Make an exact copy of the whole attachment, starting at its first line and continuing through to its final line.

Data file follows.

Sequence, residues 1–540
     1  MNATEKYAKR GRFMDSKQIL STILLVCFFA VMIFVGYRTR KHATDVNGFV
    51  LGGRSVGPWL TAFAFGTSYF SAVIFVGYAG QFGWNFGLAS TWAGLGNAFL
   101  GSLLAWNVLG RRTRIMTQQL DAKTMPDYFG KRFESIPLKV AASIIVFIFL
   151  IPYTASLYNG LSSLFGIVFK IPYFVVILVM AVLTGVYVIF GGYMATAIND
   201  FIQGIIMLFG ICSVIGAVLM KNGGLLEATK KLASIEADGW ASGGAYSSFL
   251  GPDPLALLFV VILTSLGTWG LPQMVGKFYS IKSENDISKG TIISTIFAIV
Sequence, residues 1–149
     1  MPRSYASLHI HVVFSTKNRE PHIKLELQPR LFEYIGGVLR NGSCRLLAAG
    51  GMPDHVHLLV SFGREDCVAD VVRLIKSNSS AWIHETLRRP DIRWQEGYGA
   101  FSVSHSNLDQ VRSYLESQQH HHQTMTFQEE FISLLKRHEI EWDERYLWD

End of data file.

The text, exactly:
Sequence, residues 1–540
     1  MNATEKYAKR GRFMDSKQIL STILLVCFFA VMIFVGYRTR KHATDVNGFV
    51  LGGRSVGPWL TAFAFGTSYF SAVIFVGYAG QFGWNFGLAS TWAGLGNAFL
   101  GSLLAWNVLG RRTRIMTQQL DAKTMPDYFG KRFESIPLKV AASIIVFIFL
   151  IPYTASLYNG LSSLFGIVFK IPYFVVILVM AVLTGVYVIF GGYMATAIND
   201  FIQGIIMLFG ICSVIGAVLM KNGGLLEATK KLASIEADGW ASGGAYSSFL
   251  GPDPLALLFV VILTSLGTWG LPQMVGKFYS IKSENDISKG TIISTIFAIV
Sequence, residues 1–149
     1  MPRSYASLHI HVVFSTKNRE PHIKLELQPR LFEYIGGVLR NGSCRLLAAG
    51  GMPDHVHLLV SFGREDCVAD VVRLIKSNSS AWIHETLRRP DIRWQEGYGA
   101  FSVSHSNLDQ VRSYLESQQH HHQTMTFQEE FISLLKRHEI EWDERYLWD